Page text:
Having had a week to digest the investigative report released by Ohio State University on head coach Urban Meyer has not done anything to temper the initial impression that the fix was in from the start. There was no way OSU was going to fire Meyer short of his committing a felony, and even then that would have been questionable.
New questions have arisen about attempts to potentially conceal evidence have emerged and, in addition, an aspect of the scandal surrounding Meyer's clear untruths about his knowledge of domestic abuse allegations against former assistant Zach Smith may touch the Big 12.
It has been revealed by Ohio State to the Columbus Dispatch newspaper that current Texas head coach Tom Herman was the "other" Buckeyes' assistant coach who accompanied Smith to a Miami strip joint on a 2014 recruiting trip where Smith racked up a $600 tab and forced Meyer and OSU to implement new rules about such behavior.
But back to the investigation.
All you need to know that the investigative committee was set up with the intention of clearing, or at least minimizing damage, is this comment from an investigative team spokesperson at the press conference about Meyer’s denials of his knowledge of the Smith matter during Big 10 Media Days that opened this whole can of worms:
“While those denials were plainly not accurate, Coach Meyer did not in our view deliberately lie," the spokesperson said.
Yes, the spokesperson actually said, in essence, Meyer lied but he didn’t mean to lie. Now, that would not be an acceptable explanation from a 5-year-old, never mind from a major university. The fact it was said with a straight face is maybe even more disturbing.
It is incredibly tone-deaf in today’s environment to treat domestic abuse allegations so casually, but when you are in charge of a multi-million dollar cash cow like Ohio State football, you get to play by different rules.
The resulting three-game suspension that sees Meyer benched for the opening one-quarter of Ohio State’s season against Oregon State, Rutgers and TCU will have little to no impact on the Buckeyes’ Big 10 title aspirations. Two of the three games are against non-conference opponents and the one game against a conference foe is against hapless Rutgers.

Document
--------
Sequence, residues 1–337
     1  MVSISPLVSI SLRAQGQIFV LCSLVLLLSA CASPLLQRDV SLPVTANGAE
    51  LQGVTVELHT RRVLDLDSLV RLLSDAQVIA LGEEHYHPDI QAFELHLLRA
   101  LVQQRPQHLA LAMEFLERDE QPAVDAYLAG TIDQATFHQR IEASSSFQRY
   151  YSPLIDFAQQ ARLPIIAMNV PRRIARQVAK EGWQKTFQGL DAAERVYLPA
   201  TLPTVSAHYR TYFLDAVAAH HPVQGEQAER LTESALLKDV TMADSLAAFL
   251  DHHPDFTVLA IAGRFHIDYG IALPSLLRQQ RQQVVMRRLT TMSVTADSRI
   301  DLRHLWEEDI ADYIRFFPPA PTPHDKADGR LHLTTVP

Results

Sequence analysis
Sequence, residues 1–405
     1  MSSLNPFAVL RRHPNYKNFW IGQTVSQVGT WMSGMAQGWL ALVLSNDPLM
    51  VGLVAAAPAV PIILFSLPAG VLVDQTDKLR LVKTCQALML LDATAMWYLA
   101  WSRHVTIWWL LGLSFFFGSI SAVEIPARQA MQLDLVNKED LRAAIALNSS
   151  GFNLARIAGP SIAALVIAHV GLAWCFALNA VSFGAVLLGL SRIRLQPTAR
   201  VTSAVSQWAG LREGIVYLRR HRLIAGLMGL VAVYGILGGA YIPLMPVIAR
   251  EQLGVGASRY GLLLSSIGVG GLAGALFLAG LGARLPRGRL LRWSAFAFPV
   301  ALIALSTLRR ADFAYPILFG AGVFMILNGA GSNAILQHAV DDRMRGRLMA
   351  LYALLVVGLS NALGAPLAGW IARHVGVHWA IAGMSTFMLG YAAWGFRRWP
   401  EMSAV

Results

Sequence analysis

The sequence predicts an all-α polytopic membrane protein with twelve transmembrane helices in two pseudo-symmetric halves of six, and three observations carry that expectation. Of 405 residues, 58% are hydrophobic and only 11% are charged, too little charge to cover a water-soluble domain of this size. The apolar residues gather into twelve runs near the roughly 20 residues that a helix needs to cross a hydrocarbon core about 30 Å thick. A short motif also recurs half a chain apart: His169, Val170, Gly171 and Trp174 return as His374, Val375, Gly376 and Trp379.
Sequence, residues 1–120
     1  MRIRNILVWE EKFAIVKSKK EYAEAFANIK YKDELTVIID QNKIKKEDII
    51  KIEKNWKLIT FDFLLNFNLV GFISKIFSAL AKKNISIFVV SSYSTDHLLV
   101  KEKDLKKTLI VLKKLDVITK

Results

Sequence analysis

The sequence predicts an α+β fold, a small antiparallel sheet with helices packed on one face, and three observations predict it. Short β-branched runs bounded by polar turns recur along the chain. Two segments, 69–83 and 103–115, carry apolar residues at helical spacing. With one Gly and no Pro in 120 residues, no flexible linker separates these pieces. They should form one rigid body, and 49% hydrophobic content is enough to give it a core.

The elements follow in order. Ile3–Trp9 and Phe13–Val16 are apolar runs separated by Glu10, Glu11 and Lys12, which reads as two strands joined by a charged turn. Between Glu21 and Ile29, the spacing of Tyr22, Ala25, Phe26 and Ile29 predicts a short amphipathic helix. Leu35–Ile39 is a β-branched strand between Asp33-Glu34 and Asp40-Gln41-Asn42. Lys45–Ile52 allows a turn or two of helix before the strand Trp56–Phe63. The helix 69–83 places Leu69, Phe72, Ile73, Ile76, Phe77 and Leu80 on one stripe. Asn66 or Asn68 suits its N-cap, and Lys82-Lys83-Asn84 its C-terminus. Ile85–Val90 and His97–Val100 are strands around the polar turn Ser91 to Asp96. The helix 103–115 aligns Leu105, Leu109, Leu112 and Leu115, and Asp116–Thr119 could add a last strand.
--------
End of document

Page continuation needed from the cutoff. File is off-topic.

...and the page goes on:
While most reacted with a mixture of condemnation and borderline disgust with the punishment and sham investigation, not surprisingly, Buckeye fans rushed to the defense of Meyer and to disparage the press — particularly Brett McMurphy, whose reporting started the whole process.
We shouldn’t be surprised rabid fans of a large, successful program would gladly turn a blind eye to major indiscretions against the team’s coach if it threatened their winning ways and by transference their own sense of worth, especially members of “Buckeye Nation” who seem to take it to new levels.
However, let’s be honest, if a similar situation befell the Sooners or Alabama, we would likely see much the same reaction from a large faction of their fan bases rushing to defend their coach and assuming the media was conspiring to bring down their program. It seems to go with the territory.
The supposed punishment handed down by Ohio State only served to reinforce that notion in the minds of overzealous fans.
The fact Meyer apologized to “Buckeye Nation” without mentioning the name of the alleged victim of domestic abuse, Courtney Smith, — as documented in a 2009 arrest report Meyer failed to disclose to Ohio State when he offered old buddy Smith a position on his coaching staff — spoke volumes. It was more important to offer a mea culpa to season ticket holders and donors.
If Meyer had been coming off a 6-6 season that included a loss to rival Michigan, does anybody doubt the outcome of the investigation would have been different or if Ohio State would have even bothered with an investigation?
But Meyer’s troubles may not be over.
According to a report by The Associated Press, when investigators obtained Meyer’s cell phone, it was set to retain only texts within the past year. AP reported investigators said Meyer and the football team’s director of operations had discussed ways to delete messages older than one year old and that conversation took place the same day the story from McMurphy broke.
Investigators called the discussion “concerning.” It’s more than that according to a Columbus, Ohio, open records lawyer.
Fred Gittes told AP “any elimination of texts on Meyer’s university-issued phone related to his coaching responsibility would break Ohio’s open records law.”
AP made an open records request to Ohio State on Aug. 2, but has not had a response.
At every step, Meyer has acted like somebody with something to cover up.
Now, with the tentacles of the facts uncovered in the wake of the attempted coverup potentially reaching the level of illegality and ancillary facts possibly touching as deep as Texas, it looks like this story will continue to have traction.
It may even be enough to trouble Buckeye Nation.
Ruthenberg is sports editor for the News & Eagle. Contact him at firstname.lastname@example.org.